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[PYCL: Inspire the freedom & fearlessness of Spirit!  Exceed Expectations!]
CedarS PYCLs–Possible Younger Class Lessons for:  
"Spirit"

The Christian Science Bible Lesson for February 10, 2013
by Kerry Jenkins, CS, House Springs, MO (314) 406-0041 [Bracketed inserts by Warren Huff]

[PYCL #1:  Help pupils feel the freedom and fearlessness that trust in Spirit can bring!] 
Probably all of you reading these Sunday School ideas have, at least at some point in your life, felt the power and tangible presence of God as Spirit in your life.  What are we trying to help our pupils understand about God as Spirit this week that will make them feel God as a tangible, “real”, presence in their lives?  We are surrounded by the seeming reality or substance of matter.  Christian Science can seem a tough “sell” because of this.  But we aren't trying to convince anyone of anything.  We are leading the children on a path where, through a study of the laws of God that Jesus lit up for us, they will feel the freedom and fearlessness that trust in Spirit can bring.  They will begin, at an early age, to perceive the power and presence of God in their own lives.  It is through their own perception of Spirit's presence that they will have the desire and curiosity to look beyond matter to Spirit and rejoice in this freedom on a daily basis.  Spirit leads its own creation; we don't have to “push” the truth.  Jesus didn't “push” his “agenda”, he healed and preached and people listened, or didn't, rejoiced, or took offense.  Just so, we live our understanding of truth, even in Sunday School, and Spirit will do the rest, even if it seems somehow to come in a roundabout way!  Share from the heart what Spirit has done for you, whether it is a specific healing or the way you feel each day from knowing that Spirit is real and what the material senses tell us, is not.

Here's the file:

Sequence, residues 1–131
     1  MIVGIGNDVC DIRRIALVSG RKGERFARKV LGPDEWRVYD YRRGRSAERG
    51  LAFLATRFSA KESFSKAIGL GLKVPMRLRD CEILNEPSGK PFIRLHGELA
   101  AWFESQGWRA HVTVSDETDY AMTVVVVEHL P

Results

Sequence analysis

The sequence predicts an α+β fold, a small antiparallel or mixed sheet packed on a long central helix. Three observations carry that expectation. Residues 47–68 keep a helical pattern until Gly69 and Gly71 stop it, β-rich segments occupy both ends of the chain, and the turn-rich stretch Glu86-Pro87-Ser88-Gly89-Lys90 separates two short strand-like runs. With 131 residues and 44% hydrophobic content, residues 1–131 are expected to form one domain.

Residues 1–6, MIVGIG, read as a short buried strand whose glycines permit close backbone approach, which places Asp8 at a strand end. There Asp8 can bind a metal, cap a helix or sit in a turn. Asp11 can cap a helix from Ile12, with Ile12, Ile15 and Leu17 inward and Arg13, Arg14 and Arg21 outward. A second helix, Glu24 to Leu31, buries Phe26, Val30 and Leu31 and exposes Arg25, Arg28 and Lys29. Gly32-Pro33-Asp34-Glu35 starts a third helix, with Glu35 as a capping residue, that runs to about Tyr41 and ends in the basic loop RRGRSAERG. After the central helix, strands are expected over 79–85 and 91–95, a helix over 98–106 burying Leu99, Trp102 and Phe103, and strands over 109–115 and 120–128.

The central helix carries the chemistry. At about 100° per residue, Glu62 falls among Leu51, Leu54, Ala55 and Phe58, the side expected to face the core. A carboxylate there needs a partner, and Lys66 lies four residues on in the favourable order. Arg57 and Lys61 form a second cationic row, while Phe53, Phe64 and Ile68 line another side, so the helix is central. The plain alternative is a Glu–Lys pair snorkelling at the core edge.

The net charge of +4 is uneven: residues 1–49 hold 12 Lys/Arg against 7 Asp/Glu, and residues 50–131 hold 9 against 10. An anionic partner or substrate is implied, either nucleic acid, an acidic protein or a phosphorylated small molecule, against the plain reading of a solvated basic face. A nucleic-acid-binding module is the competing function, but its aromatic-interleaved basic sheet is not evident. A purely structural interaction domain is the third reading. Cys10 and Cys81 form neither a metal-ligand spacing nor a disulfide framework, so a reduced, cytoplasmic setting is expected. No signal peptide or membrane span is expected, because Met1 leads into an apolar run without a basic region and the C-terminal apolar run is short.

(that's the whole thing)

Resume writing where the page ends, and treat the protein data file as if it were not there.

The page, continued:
[PYCL #2: Help pupils exceed expectations by mirroring the amazing, all-powerful Spirit!] 
Once again the image of the sun is helpful to illustrate how, just as the sun is the source of light and heat or energy for our planet, really the source of life, so, God is the source of our life, and we are the reflection of this amazing and powerful source.  Each section in some way illustrates this point and with the smaller children this analogy is not as tired as we may feel it is.  Consider that as reflections (illustrate this with a mirror), we are not our own “source” of intelligence, energy, speed, agility, skill, etc., rather we get every last ounce of our individuality from the source, Spirit.  We can feel this tangibly when we exceed our expectations or the expectations of others and are acknowledging and being aware of Spirit as our source.  We rise above limitations when we use spiritual sense to be aware of our source always. You can talk about how, if the sun represents the idea of Spirit, then the rays are like individual man. Mrs. Eddy writes about all the rays gathered together as representing Christ, or the “Holy Spirit”, the tangible presence of God. Talk about how we feel the light of the sun, we perceive the light of the sun and how the rays are never disconnected from the sun. Even when you have clouds, the light reaches through, yet those rays are not separate from their source, cut off and making their own light. What tangible qualities does each pupil express? With the younger classes you can make a big yellow sun and then big yellow “rays”. On each ray write qualities that are tangible expressions of Spirit that each child expresses. See if they can come up with some of their own after you give them some ideas. They could be things like: joy, energy, kindness, obedience, generosity (well that's kind of a big word for them, but you get the idea). With older ones just talk about the way that a ray of the sun has a tangible manifestation of light and heat and that as God's “rays”, we too are tangible manifestations of Spirit. Name some of these tangible qualities together. This could be an entry in your synonym book that we talked about in last week's pycls.